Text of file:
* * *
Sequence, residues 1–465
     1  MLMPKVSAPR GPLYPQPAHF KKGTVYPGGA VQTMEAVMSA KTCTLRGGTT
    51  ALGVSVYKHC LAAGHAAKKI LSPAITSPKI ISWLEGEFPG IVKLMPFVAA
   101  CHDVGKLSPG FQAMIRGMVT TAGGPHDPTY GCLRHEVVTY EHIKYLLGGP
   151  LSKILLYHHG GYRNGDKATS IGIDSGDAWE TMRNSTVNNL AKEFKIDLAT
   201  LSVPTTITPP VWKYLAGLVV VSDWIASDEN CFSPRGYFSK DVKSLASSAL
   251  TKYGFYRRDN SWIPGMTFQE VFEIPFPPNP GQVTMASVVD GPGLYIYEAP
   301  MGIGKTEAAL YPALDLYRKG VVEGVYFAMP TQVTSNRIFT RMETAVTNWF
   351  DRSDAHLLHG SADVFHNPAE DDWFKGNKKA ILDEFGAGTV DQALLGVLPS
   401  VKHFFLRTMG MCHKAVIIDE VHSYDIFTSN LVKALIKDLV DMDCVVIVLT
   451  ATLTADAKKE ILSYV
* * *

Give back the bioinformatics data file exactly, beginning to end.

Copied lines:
Sequence, residues 1–465
     1  MLMPKVSAPR GPLYPQPAHF KKGTVYPGGA VQTMEAVMSA KTCTLRGGTT
    51  ALGVSVYKHC LAAGHAAKKI LSPAITSPKI ISWLEGEFPG IVKLMPFVAA
   101  CHDVGKLSPG FQAMIRGMVT TAGGPHDPTY GCLRHEVVTY EHIKYLLGGP
   151  LSKILLYHHG GYRNGDKATS IGIDSGDAWE TMRNSTVNNL AKEFKIDLAT
   201  LSVPTTITPP VWKYLAGLVV VSDWIASDEN CFSPRGYFSK DVKSLASSAL
   251  TKYGFYRRDN SWIPGMTFQE VFEIPFPPNP GQVTMASVVD GPGLYIYEAP
   301  MGIGKTEAAL YPALDLYRKG VVEGVYFAMP TQVTSNRIFT RMETAVTNWF
   351  DRSDAHLLHG SADVFHNPAE DDWFKGNKKA ILDEFGAGTV DQALLGVLPS
   401  VKHFFLRTMG MCHKAVIIDE VHSYDIFTSN LVKALIKDLV DMDCVVIVLT
   451  ATLTADAKKE ILSYV